Monday, August 21, 2006

2nd Hint - You might be in a Holographic Universe if ... by Louis Evan Palmer


Most explanations of how we think involve the brain. Most explanations of how we perceive involve the brain - in fact, one type of blindness concerns a malfunction in the neo-cortex; the person's eyes see properly but because that part of the brain has been damaged, they're blind. Most explanations of how we remember involve the brain as well.

In Science, a well-founded exception to any given rule invalidates it. The more deeply entrenched the rule or theory is, the more opposition is generated. We then see Science's supposed impartiality and coolness fall away like icebergs from a melting ice sheet.

When John Lorber, a British neurologist, perfomed CAT scans on various individuals for conditions like spina bifuda, he came across several hundred who were missing various percentages of their brains. The most amazing case was that of a young man who not only had above average intelligence but, in fact, was a mathematics scholar although he had almost no brain.

What complicates things is that a certain number of the persons with no brain were impaired in various ways. But the salient point is that according to standard theories the expectation was that they would all be impaired to different degrees. However, a substantial percentage were normal or above normal in intelligence and ability.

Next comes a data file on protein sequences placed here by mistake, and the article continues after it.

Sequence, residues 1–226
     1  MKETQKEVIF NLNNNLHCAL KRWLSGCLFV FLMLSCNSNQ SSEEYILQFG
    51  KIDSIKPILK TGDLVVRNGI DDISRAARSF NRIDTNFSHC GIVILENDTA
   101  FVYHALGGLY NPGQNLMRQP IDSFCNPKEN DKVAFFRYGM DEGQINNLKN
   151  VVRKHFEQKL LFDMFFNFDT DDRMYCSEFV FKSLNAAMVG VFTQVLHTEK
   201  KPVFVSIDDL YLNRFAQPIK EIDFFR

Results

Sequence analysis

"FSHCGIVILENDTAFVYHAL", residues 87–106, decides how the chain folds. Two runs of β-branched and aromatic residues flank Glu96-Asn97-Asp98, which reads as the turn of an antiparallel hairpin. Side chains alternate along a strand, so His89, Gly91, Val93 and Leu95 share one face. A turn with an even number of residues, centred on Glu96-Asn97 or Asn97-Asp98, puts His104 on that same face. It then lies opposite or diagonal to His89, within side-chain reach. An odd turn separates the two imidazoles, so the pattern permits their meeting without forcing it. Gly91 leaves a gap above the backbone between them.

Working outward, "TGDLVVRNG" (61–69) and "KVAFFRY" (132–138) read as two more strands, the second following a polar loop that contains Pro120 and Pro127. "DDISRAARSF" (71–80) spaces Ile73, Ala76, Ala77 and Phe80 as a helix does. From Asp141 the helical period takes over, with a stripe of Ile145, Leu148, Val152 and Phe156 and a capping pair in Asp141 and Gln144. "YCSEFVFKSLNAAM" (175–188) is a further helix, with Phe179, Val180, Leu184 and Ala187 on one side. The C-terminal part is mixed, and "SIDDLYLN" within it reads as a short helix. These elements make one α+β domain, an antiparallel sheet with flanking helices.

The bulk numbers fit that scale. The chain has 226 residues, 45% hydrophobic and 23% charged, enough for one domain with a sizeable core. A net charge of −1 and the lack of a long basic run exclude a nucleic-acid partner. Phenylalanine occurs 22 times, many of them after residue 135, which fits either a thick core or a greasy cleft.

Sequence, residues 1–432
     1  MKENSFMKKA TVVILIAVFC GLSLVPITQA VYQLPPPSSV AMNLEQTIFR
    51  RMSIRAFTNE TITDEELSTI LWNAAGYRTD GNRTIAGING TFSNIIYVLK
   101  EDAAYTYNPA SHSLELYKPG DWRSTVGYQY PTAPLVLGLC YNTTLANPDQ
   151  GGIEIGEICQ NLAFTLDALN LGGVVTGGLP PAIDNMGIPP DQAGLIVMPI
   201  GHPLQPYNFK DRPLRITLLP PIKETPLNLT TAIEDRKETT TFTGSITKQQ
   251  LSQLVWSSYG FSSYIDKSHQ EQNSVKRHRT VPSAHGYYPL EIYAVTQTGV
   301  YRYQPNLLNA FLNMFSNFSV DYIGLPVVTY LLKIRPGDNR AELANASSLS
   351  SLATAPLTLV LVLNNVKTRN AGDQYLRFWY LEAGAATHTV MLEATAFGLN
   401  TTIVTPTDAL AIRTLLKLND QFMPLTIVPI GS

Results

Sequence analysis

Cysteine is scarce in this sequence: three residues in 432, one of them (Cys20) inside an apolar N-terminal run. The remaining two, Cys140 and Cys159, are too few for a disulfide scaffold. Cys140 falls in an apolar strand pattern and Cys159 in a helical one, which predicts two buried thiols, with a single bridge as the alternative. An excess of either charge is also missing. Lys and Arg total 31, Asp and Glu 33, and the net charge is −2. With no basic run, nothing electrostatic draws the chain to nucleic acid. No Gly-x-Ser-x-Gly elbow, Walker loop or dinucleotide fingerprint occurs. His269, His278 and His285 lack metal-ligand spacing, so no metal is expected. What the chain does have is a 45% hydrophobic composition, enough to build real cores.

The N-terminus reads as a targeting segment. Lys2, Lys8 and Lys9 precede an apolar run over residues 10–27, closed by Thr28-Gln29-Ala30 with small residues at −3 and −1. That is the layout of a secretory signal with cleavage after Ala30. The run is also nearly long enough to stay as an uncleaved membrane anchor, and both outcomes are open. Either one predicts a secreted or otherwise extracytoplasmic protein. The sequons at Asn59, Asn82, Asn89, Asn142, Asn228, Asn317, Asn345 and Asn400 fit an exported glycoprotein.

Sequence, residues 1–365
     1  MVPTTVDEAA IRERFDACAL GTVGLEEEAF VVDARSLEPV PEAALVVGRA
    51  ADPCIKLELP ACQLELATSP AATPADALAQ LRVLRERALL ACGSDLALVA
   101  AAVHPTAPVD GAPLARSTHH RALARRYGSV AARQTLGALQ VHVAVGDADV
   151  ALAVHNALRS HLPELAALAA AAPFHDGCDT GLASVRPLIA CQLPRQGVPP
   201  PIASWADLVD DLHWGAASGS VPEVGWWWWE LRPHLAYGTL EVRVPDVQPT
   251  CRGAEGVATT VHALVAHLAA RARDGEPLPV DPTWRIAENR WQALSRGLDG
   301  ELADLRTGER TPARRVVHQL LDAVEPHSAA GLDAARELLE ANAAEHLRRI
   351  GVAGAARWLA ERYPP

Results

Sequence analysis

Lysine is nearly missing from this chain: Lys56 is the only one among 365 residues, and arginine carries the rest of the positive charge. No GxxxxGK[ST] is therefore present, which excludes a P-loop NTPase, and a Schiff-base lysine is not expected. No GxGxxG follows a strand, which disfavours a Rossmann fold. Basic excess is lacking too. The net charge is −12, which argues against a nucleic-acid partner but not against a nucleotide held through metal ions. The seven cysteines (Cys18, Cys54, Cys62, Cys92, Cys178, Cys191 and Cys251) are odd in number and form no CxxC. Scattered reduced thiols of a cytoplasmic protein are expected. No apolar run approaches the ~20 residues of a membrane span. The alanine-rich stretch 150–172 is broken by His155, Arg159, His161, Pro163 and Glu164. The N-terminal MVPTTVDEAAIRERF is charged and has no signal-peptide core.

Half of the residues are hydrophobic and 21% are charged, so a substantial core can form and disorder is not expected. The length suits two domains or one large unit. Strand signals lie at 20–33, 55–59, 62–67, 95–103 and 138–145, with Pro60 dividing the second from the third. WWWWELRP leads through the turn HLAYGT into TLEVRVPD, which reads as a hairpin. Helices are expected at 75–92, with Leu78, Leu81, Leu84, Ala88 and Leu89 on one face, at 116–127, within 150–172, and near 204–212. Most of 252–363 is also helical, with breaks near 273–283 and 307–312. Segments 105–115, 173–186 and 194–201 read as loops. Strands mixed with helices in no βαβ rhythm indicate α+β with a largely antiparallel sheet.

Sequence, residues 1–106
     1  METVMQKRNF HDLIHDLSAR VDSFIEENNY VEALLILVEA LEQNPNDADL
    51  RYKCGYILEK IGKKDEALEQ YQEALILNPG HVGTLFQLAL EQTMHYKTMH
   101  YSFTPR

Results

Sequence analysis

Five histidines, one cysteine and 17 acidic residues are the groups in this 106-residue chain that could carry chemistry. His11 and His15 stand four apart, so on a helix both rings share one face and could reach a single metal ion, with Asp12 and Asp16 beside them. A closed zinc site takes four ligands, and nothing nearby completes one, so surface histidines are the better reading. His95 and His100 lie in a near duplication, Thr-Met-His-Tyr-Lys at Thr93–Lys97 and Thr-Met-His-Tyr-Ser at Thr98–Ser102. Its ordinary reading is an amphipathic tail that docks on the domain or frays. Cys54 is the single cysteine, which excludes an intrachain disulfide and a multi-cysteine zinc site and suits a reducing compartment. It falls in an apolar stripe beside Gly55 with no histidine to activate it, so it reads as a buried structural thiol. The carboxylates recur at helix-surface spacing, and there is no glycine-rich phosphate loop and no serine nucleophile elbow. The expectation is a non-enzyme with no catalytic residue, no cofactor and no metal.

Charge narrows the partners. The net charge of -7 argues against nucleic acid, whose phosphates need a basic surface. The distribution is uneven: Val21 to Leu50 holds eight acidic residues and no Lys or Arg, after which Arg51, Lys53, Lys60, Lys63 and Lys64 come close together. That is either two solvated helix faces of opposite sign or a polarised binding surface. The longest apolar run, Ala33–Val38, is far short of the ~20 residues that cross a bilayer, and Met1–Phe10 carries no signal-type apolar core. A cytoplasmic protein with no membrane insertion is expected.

This is a stunning finding, and yet, much of the scientific world, just continues on its pre-established way, making comments about how it is "interesting" or how it merits "more study", but not much more than that, at least on the surface.

It's a certainty that secret programs are underway to explore this phenomenon, but when, or if, any new knowledge they discover will be revealed is up for debate. The enormous danger and damage these secret programs entail will be the subject of other articles.

Getting back to the smart young man with no brain, how does he think with no brain? It is vaguely reminescent of the search for the ultimate particle - even candidate turns out to be composed of other more nebulous particles. Now, the search for the seat of intelligence which had supposedly ended with the brain is back on again.

A Holographic Universe allows for brainless thinking because it posits that our entire body and the universe itself are the projection of thoughts of one and many minds. It's almost as if the appearance of our universe, while near perfect, can't account for everything all the time and so these dissonances, as it were, are the cracks and fissures through which the illusion is exposed.

2nd Hint - You might be in a Holographic Universe if, Louis Evan Palmer,
Copyright Louis Evan Palmer


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